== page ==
It is easy to get number plate data for North Carolina of course, and the state has arrangements with five other states (and negotiating them with others), yet this means that vehicles from 44 states can, in effect, drive toll free on the road.  5% of users currently come into that category.  Yet, NCDOT is not being complacent, and if the numbers of users for individual states become worthwhile to pursue, it will seek arrangements with those states.  This is going to become more common, and I'd suggest states need to think about some sort of outsourced clearing house arrangement to minimise the costs of doing this, and to enhance the reliability of the data they all have on vehicles, owners and owners' contact details.

There is also interesting data that has been published on payment rates for the expressway after 10 months:

- 72% of those sent bills by mail pay within the one month billing period;
- 83% of bill by mail users are registered North Carolina vehicles;
- 12% of bill by mail users are with the four other states with NCDOT has a data sharing agreement with (California, Florida, Ohio, Texas and Virginia).

I've written a couple of pieces on some of the teething problems of this road, all of which ought to be object lessons in toll road developers actually taking experience from free flow toll roads elsewhere before developing systems and business rules from scratch.  None of the problems faced by North Carolina are especially new, except to that state, and I wager perhaps the designers?  I would have thought the experiences from Canada and Australia at least ought to have been easy to replicate here, or is it the problem of some that they simply don't believe that experience from "lower ranked" countries is worth applying in the United States?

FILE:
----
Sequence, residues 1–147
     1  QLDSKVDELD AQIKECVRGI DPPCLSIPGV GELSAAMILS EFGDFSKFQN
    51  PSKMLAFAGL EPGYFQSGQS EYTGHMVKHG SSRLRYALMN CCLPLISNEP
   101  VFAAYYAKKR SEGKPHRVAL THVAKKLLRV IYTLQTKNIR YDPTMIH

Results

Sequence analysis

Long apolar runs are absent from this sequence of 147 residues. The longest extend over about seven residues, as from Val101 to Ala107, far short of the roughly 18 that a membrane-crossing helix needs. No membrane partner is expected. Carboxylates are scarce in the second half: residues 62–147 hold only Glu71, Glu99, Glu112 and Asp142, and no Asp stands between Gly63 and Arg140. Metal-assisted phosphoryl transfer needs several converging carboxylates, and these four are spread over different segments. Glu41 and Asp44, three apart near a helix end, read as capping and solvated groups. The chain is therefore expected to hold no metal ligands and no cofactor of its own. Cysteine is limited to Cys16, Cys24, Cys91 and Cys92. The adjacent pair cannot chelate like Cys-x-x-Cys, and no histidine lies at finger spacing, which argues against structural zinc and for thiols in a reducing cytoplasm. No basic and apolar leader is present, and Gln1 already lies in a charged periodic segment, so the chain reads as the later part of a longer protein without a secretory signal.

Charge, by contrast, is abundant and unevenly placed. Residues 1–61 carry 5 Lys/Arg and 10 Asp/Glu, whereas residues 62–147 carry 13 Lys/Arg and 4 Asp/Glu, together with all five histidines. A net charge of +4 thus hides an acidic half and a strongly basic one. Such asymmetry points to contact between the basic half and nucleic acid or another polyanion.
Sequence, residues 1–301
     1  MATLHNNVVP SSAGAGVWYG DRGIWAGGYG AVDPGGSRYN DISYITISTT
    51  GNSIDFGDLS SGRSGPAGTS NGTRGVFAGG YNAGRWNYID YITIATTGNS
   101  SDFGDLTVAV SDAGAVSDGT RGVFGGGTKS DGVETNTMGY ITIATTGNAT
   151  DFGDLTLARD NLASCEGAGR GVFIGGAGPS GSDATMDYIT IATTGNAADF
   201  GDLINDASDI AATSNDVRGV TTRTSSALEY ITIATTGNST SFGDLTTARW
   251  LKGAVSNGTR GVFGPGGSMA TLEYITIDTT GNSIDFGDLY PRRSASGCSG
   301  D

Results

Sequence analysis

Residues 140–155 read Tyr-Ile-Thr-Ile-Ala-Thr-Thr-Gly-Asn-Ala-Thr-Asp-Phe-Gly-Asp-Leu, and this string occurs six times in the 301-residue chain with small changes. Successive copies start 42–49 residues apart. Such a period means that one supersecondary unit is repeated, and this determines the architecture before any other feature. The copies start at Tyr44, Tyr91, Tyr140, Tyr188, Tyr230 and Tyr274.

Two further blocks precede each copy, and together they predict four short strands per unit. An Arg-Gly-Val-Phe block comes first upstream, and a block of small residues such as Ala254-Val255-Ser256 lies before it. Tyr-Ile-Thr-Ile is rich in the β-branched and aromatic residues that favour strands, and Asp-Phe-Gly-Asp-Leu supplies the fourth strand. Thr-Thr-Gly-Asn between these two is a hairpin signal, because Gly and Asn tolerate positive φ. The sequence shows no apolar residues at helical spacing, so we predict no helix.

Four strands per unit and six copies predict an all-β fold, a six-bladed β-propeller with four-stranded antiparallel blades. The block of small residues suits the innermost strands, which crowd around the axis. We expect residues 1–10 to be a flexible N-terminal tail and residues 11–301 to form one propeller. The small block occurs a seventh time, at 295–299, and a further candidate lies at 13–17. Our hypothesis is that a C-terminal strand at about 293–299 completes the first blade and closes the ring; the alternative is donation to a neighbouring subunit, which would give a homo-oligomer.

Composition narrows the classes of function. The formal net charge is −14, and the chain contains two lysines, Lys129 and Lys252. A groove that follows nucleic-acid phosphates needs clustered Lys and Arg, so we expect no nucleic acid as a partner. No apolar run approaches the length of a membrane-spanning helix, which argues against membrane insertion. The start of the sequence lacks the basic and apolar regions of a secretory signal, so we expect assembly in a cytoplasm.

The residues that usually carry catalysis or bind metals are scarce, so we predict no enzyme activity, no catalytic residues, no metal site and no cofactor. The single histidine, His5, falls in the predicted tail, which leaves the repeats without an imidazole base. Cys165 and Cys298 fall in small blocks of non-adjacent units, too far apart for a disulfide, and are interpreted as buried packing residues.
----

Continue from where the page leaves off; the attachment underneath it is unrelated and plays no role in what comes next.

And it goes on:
The two issues reported on the expressway recently are:
- Double billing of motorists with two tags that are interoperable on the road; and
- Mistaken enforcement due to misreading of a character of a number plate.

I wish NC DOT all the best in what is a relatively risky endeavour, but one that will pay off, and hopefully what it is learning about enforcement, the hard way, will make it far easier to do more new free flow toll roads in the future.

Tuesday, 2 April 2013

UK government proposing new toll road in Wales

Several British newspapers are reporting that the British Government is prepared to back the Welsh Government (which is essentially a devolved regional administration) borrowing money to pay for a project generally called the M4 relief road.  According to Wales Online, while the debt guarantee will be provided, it will up to the Welsh government as to how much of the cost of the £830 million (US$1.26 billion) project it will recover from tolls.

However, given that without additional funding from the British Government (the Welsh Government does not essentially have taxation powers) the project will hit Welsh finances hard, tolls are being promoted for this new road.

The announcement is expected from the forthcoming Comprehensive Spending Review, which will be released in a few months time, and is expected to include support for a wide range of new road projects, most of which will not be tolled.

According to the Independent, the road is a 14 mile, dual carriageway (two lanes each way) road, connecting junctions 23 and 29 of the M4 in Wales, bypassing Newport to the south (and bypassing a regularly congested stretch of motorway, constrained by a tunnel).  A website outlining the details of the issues and the option assessment is here.

The website TunnelTalk published this image of the route, which can be seen in red at the bottom edge of the built up area:

M4 relief road which may be tolled

One interesting dimension is that most of the peak traffic causing congestion has origins/destinations around Newport, so would not be served by the new road directly.  The new road would provide a way for through traffic between Cardiff and the south-west of Wales with England to bypass that congestion (and that traffic may be seen as having a higher net GDP contribution that short car commuter trips, especially with upgrades to the parallel railway expected in coming years).  This may mean that demand for the new road will not primarily come from most users of the existing road.